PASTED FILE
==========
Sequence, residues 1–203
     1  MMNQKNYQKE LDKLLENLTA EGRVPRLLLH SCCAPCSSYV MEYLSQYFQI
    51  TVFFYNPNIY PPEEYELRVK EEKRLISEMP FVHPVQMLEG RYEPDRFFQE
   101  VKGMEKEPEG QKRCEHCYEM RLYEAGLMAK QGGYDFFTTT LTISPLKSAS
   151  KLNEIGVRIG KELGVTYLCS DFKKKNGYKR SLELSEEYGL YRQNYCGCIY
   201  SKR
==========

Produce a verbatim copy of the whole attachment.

Sequence, residues 1–203
     1  MMNQKNYQKE LDKLLENLTA EGRVPRLLLH SCCAPCSSYV MEYLSQYFQI
    51  TVFFYNPNIY PPEEYELRVK EEKRLISEMP FVHPVQMLEG RYEPDRFFQE
   101  VKGMEKEPEG QKRCEHCYEM RLYEAGLMAK QGGYDFFTTT LTISPLKSAS
   151  KLNEIGVRIG KELGVTYLCS DFKKKNGYKR SLELSEEYGL YRQNYCGCIY
   201  SKR